23 Aug 11. A goal prior to departing the long term stay across the Sound and the house wiring was to get a couple usable images of the neon sign hanging in a window in the Hansville grocery. Thursday was my last opportunity, the weather was perfect, and I decided it was a now or never type (not in reality - the store isn't going away) situation and so I left some good company and conversation and went outside to shoot. The moment I exited to the outside I was almost awestruck by a 3/4 harvest moon rising above the water's surface and lighting the Sound with an orange stripe. I hurried to my "room" to get the camera and set it up for a long exposure series of shots. By the time I had everything fully set up the moon was a considerable way up the horizon, not nearly so big and a fair amount brighter. But not all that bright that the harvest orange color was lost, but now bright enough that two exposures were necessary to capture the scene. As I was looking at the moon I was quite surprised to see how much it looked like it was just pasted in front of the clouds, and you will see such in the image. Not sure what has caused this "look", but it helped to make it a very impressive sight. ISO 200; 4 sec @ f /10 for the city lights and 1/8 sec @ f /10 for the moon. Just a 6 stop range but enough that no single shot worked; may have to try this with an HDR approach next time I have this small a range.
24 Aug 11. I mentioned yesterday that my intent was to photograph a particular sign when I noticed the harvest moon and got diverted for a while from my main intent. Well, here is the sign that was my particular intent albeit altered a "wee" bit. The sign itself is reasonably interesting hanging as it does in the store front window, but not nearly so much as it is with a little help. I played with the original image for quite a while trying out different approaches playing with shape, hue, and intensity. In the end I settled for two different results and, after looking at them for a couple of days, decided I like this one best, but just by a little. I tried to create the effect using HDR techniques but was not able to achieve the look I wanted, so I tried a couple different filters and settled on, to which none of you should be surprised, my favorite filter, Fractalius. The one BIG problem with this filter is the thousands of possible combinations available which means that choosing the "one" correct effect for any single image is rather time consuming. Still, I feel the time spent is well rewarded. For those of you who like the manipulated images, this should be a winner; for those of you who don't, this might be a mixed bag as it is a bright object of limited colors to begin with, being a neon sign. Playing with such an object in some ways does not change it all that much, although changing it was my goal. ISO 200; 1/6 sec on a tripod @ f /10.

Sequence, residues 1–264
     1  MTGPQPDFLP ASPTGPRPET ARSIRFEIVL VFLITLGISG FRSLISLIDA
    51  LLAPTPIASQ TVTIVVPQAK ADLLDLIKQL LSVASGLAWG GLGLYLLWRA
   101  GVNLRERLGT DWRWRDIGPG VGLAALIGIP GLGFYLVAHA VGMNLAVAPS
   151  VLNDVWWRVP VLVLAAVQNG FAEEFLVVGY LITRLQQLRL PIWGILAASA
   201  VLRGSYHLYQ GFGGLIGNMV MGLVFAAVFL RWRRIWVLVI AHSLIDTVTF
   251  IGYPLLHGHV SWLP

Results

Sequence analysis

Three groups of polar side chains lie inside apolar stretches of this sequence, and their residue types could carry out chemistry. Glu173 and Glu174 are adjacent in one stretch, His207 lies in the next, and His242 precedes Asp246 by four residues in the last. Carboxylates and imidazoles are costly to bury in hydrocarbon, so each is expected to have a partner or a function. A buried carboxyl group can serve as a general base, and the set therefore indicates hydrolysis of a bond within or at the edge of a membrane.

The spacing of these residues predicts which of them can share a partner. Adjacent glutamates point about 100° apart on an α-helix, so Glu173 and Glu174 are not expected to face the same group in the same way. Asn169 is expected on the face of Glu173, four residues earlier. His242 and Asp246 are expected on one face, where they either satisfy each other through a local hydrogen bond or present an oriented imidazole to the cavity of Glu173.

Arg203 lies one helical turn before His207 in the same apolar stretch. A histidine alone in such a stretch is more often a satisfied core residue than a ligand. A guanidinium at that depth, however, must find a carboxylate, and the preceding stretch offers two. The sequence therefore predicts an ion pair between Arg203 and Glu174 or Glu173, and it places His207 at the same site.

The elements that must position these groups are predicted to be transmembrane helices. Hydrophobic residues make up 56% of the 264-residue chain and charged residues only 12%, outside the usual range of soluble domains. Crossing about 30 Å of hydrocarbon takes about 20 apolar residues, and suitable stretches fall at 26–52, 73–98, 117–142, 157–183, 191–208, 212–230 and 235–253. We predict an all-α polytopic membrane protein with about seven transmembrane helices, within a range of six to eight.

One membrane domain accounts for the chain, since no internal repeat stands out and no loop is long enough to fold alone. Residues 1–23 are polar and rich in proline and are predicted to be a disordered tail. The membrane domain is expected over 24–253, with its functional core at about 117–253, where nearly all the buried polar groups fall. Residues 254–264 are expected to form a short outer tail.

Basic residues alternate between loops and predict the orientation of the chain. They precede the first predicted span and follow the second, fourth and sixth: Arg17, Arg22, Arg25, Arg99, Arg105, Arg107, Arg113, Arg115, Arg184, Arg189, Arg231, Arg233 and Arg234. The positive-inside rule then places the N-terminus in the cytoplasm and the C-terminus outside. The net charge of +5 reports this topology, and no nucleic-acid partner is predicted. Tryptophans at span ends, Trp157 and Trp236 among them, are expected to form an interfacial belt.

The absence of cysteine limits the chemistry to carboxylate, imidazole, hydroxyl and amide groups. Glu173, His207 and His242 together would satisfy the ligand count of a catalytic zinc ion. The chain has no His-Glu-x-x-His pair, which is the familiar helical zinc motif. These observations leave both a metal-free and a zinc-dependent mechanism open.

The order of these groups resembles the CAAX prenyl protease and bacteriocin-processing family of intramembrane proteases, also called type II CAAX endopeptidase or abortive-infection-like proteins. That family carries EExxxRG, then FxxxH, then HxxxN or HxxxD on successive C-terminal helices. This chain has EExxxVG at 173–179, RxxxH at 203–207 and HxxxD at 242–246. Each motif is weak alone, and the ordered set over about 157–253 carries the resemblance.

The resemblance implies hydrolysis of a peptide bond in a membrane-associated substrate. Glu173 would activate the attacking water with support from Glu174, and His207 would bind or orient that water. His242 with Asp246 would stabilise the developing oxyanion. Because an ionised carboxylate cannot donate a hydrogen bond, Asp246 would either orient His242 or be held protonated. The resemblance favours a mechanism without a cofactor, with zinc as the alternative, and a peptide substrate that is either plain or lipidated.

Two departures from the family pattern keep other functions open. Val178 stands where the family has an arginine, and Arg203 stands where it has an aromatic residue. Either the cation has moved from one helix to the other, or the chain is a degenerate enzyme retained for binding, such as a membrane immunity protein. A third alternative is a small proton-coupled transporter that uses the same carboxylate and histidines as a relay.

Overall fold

25 Aug 11. A beautiful autumnal day was the best description I can give for Wednesday, starting with a crisp morning giving way to a gloriously sunny and lazy afternoon followed by an evening of cooler weather. Driving down the access road to the property one cannot but be aware of the number of leaves falling from the trees, nor the fact that many are now beginning to turn color, some quite the way along while others are just beginning to show a blush of what lies ahead. The presence of the sun all day made be think of things of that color, which brought to mind some images made last July of California Poppies in our front yard area. On one particular morning they were brandishing a fair amount of moisture, and something like that I just can't, and couldn't, pass by, so I took a couple dozen shots and found that more than one was worth keeping. This obviously would be among the keepers. It does appear as though the weight of the dew was sufficient to request a bit of engineering help, and you can see the suspension lines kindly provided by a local civil engineering expert as a result of said request. Seems like they were just the ticket and were functioning as designed to keep the blossom properly positioned. ISO 200; 1/500 sec @ f /10.